The United Nations Children’s Fund (UNICEF) and other Social Protection Development Partners including Save the Children, Ministry of Finance, and others have teamed up to redefine Nigeria’s poverty profile by expanding social protection.
At the opening ceremony of a two-day policy and programmatic dialogue workshop on Nigeria’s poverty profile and social register in Abuja, Cristian Munduate, UNICEF Nigeria Representative, applauded various efforts of government and development partners in combating poverty and vulnerability.
Munduate said she has personally witnessed the menace of poverty across the country and its toll in several aspects of people’s lives, including education.
“From Lagos to Sokoto, I have met individual like Tutu, a struggling single mother, and Umar, a child deprived of education, who personify the reality of our poverty statistics.
” As of 2022, 63 per cent of our population faces deprivation, a disturbing figure that includes 70 million children,” she said.
According to the UNICEF Nigeria Representative, the workshop was put in place to brainstorm on poverty and vulnerability situation in the country in order to chart possible solutions, adding that it was also aimed at expanding Nigeria’s social register and establish a robust, inclusive, and responsive social protection system.
“Our goal is a Nigeria where all citizens, particularly women, children, and the disabled, have access to strong social protections and are not living on the edge of poverty.
“Amid global challenges such as oil price fluctuations, insecurity, socio-economic disparities, and pandemics like COVID-19, poverty is further gripping our people, indicating a dire need for effective social protection interventions. This meeting, hence, symbolizes hope for a future where every Nigerian feels recognized and safeguarded.
“The essentiality of a comprehensive register to reach those most in need can’t be overstated. I’m grateful to the Social Protection Development Partners Group, our unwavering government, and NASSCO for strengthening the National Social Register, a significant step towards our goal,” she said.
Also speaking, the Secretary to the Government of the Federation, Senator George Akume said poverty and vulnerability remain pressing challenges facing Nigeria.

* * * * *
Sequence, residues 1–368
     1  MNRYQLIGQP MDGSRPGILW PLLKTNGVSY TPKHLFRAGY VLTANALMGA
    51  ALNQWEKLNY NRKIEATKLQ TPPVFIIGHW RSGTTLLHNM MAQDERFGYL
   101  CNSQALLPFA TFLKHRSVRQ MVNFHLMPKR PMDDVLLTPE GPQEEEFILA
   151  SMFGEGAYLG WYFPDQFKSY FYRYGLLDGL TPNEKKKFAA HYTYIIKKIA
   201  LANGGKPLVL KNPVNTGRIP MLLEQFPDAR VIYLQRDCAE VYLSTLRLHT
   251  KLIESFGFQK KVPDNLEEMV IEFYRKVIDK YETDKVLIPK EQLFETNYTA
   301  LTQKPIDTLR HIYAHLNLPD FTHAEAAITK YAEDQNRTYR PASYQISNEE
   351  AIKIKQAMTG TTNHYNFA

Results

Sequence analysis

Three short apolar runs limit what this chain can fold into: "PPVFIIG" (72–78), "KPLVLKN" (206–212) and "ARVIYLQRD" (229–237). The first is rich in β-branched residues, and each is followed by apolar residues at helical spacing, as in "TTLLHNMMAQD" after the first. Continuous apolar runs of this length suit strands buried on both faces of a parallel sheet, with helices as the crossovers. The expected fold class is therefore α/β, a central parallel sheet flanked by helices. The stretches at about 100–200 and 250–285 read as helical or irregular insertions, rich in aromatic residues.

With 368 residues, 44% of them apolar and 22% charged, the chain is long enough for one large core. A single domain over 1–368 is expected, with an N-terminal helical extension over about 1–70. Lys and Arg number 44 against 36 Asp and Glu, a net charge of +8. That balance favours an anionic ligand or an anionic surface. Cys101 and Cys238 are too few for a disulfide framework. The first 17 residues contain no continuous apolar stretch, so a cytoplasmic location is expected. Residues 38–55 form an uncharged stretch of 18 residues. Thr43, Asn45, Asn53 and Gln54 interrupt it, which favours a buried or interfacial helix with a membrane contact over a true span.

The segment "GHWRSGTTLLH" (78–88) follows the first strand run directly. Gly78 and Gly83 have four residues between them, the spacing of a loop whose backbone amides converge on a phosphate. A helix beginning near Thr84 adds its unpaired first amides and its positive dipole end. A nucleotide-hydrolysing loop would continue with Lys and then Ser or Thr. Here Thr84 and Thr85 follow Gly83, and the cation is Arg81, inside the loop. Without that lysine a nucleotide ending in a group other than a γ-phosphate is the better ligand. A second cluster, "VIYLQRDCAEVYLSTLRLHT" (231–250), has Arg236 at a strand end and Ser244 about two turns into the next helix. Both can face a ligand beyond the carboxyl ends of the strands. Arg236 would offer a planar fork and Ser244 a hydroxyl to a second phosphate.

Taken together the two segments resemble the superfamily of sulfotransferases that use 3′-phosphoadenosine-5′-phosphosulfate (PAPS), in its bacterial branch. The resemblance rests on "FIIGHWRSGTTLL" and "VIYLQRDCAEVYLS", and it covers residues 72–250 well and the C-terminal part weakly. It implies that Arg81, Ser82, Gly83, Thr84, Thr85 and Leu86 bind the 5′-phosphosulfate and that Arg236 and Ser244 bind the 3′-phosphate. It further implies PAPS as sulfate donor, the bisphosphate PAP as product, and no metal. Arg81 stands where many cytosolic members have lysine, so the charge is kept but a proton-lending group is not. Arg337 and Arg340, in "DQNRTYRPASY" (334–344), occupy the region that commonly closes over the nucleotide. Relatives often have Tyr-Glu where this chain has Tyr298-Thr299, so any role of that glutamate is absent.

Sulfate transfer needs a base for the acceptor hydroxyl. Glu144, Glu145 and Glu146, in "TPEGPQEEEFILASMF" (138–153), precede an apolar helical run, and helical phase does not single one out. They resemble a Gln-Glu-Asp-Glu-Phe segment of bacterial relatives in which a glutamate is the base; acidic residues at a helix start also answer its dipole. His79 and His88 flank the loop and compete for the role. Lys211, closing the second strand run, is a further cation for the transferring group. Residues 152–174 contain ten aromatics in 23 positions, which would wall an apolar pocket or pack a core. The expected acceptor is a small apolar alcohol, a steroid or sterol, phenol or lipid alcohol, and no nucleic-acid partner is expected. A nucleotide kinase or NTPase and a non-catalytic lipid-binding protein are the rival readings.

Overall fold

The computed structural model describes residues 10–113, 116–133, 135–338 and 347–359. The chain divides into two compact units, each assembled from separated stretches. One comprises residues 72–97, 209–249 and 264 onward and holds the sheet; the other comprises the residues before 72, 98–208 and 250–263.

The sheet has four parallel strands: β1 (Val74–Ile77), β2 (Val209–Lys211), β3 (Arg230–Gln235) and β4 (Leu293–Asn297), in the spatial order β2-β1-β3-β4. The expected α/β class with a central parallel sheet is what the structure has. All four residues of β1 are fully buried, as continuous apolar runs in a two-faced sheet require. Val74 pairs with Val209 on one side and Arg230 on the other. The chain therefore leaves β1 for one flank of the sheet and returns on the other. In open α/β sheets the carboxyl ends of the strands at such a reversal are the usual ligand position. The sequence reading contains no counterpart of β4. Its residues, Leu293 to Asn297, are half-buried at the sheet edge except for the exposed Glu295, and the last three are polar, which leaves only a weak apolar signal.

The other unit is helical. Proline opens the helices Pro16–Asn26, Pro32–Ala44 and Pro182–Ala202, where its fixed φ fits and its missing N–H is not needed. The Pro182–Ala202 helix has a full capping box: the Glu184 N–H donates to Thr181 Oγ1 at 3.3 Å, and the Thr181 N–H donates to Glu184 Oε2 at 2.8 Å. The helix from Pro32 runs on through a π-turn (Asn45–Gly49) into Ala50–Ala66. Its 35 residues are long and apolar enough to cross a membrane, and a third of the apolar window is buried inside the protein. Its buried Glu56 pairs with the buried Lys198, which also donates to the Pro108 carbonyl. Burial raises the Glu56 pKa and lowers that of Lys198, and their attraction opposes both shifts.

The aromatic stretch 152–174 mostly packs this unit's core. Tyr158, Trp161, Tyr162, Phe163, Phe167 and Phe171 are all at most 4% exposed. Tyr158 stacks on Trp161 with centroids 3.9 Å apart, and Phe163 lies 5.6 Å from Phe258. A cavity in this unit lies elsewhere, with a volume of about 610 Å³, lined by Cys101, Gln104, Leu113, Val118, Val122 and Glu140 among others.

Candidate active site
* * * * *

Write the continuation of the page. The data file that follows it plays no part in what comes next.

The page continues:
Akume who was represented by the Permanent Secretary, Political and Economic Affairs, office of the Secretary to Government of the Federation, Esuabana Nko-Asanye, said it was crucial to recognise the impact of the issues of poverty and vulnerability on Nigerians citizens.
“Poverty and vulnerability remain pressing challenges in our country, and as we gather here today, it is crucial to recognize the impact of these issues on our fellow citizens. Despite progress in reducing poverty rates in recent years, the COVID-19 pandemic has presented us with new challenges, pushing approximately 63per cent of our population into multi-dimensional poverty of which almost 70 million are children.
” This setback emphasizes the urgency to strengthen our efforts in mitigating these issues and improving the lives of millions of Nigerians,” the SGF said.
Speaking further, Akume said Nigeria’s social inequalities has further exacerbated the situation, as access to essential resources such as food, education, healthcare, and infrastructure are unevenly distributed.
“Women, children, and persons with disabilities are among the most vulnerable groups facing poverty, ill- health, and economic shocks,” he said.
Akume lavished praise on UNICEF and all other partners for supporting the organization of this dialogue, adding that its outcome will have a positive impact on the country.